Deaths from Colon Cancer are Declining


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According to the American Cancer Society, an estimated 112,340 new cases of colon cancer will be diagnosed in 2007. About 52,180 people will die from either colon or rectal cancer this year. Even though the number seems high, deaths are actually decreasing.

New screenings that detect polyps that can be removed before they turn into colon cancer may be one reason that the death rate has declined in recent years. But fewer cases have been diagnosed as well. This could be because of improvements in diet and exercise for many people. A bad diet and a lack of exercise are two risk factors.

The risk factors, according to the American Cancer Society are:

* Age: More than 9 out of 10 people are diagnosed with colon cancer are 50 or older.
* A history of polyps: Even if they have been removed, they increase the risk, especially if the polyps were large or if there were many.
* Two diseases, ulcerative colitis and Crohn's disease cause inflame the colon create ulcers in the lining. If a person has either disease, her or she should begin screening early in their life.
* Family history: If a close relative has had colon cancer, especially before he or she was 60, the risk is increased.
* Diet: A high-fat diets seems to increase risks.
* A sedentary lifestyle: People who get little exercise have a higher risk.
* Obesity: This also contributes.
* Smoking: Recent studies show that smokers are 30 to 40 percent more likely to die.
* Alcohol, particularly heavy use has been linked to colon cancer.

Many people who are diagnosed early during a routine screen may not have noticed any symptoms. According to the American Cancer Society, as it advances a person may experience:

* Stomach pain or cramping
* Diarrhea, constipation or other changes in bowel habits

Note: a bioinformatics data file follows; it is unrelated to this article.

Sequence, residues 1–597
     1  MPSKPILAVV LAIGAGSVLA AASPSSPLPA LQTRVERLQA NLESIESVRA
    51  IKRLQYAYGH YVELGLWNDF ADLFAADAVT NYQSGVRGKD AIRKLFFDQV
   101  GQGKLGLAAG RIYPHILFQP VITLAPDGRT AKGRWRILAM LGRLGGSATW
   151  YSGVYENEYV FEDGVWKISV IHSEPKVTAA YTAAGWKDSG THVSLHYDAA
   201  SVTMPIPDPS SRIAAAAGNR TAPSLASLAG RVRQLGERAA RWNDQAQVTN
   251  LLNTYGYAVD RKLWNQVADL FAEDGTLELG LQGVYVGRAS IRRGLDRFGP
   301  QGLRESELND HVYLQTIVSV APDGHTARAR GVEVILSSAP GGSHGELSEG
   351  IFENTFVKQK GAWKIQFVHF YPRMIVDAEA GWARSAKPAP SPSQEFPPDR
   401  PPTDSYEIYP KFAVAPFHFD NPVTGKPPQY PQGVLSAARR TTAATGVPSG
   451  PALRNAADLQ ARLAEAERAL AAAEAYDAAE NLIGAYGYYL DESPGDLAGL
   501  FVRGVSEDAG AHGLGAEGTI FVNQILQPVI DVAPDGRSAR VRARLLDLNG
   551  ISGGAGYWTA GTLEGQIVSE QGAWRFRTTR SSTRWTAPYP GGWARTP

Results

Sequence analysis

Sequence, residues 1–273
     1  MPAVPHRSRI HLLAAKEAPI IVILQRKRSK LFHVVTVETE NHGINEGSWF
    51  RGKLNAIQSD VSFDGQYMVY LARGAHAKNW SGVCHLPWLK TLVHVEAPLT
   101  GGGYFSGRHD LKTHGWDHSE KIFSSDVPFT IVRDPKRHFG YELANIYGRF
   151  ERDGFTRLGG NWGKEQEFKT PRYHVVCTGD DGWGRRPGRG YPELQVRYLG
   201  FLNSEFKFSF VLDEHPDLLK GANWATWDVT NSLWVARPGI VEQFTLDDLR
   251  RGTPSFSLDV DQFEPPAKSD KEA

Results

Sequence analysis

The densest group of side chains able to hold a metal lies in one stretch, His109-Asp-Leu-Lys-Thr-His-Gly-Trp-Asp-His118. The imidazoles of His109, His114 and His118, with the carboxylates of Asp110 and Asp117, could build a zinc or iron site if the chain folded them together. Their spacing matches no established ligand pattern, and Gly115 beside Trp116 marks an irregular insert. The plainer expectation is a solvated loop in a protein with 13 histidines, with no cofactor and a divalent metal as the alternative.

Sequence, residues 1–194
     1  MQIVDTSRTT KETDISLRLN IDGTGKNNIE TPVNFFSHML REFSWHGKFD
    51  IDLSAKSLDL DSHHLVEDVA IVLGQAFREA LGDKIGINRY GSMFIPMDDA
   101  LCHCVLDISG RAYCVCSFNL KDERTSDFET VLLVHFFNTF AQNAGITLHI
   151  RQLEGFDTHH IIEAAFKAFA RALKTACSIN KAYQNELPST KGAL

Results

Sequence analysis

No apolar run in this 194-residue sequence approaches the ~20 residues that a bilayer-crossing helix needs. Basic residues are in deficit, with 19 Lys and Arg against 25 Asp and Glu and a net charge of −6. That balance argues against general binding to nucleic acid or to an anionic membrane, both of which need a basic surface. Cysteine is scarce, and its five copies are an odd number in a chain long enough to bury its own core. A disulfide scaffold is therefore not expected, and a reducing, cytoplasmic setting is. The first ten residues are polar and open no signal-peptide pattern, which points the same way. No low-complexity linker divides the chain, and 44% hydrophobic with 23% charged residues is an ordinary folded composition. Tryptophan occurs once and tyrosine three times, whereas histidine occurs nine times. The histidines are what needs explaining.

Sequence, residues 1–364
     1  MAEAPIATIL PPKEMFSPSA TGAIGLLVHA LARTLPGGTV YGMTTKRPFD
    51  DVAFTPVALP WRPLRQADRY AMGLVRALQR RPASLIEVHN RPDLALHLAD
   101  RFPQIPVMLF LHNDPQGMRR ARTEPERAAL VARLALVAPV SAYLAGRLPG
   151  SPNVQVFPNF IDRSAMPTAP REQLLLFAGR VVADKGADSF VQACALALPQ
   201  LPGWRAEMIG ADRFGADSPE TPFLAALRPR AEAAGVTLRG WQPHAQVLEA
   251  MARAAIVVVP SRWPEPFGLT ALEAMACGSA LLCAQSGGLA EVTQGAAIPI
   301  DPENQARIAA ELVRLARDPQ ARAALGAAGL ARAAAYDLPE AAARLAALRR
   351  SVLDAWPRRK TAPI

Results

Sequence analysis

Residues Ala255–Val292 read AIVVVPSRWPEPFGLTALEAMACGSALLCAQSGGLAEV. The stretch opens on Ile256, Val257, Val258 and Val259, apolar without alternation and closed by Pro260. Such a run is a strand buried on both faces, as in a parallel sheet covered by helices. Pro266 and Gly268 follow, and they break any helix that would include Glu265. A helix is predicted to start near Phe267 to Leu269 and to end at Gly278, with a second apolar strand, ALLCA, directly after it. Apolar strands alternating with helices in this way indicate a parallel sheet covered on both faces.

* Blood in the stool
* Bleeding from the rectum
* A change in bowel habits such as diarrhea, constipation, or narrowing of the stool that lasts for more than a few days
* A feeling that you need to have a bowel movement that doesn't go away after doing so
* Bleeding from the rectum or blood in the stool (often, though, the stool will look normal
* Cramping or steady stomach pain
* Weakness and tiredness

Treatment for all types of cancer is also improving. Many patients are treated successfully with surgery. Surgery will remove the tumors or the polyps. Many patients also require chemotherapy or radiation treatments.

The American Cancer Society has a treatment tool worksheet on its website,, (Alexa) to help you determine which treatment is best for you. You need to consult with you doctor before making any decisions about your treatment. Your personal physician is always the best person to help you decide how to treat your colon cancer.

For more information on cancer try visiting - a website that specializes in providing cancer related information and resources including information on colon cancer.


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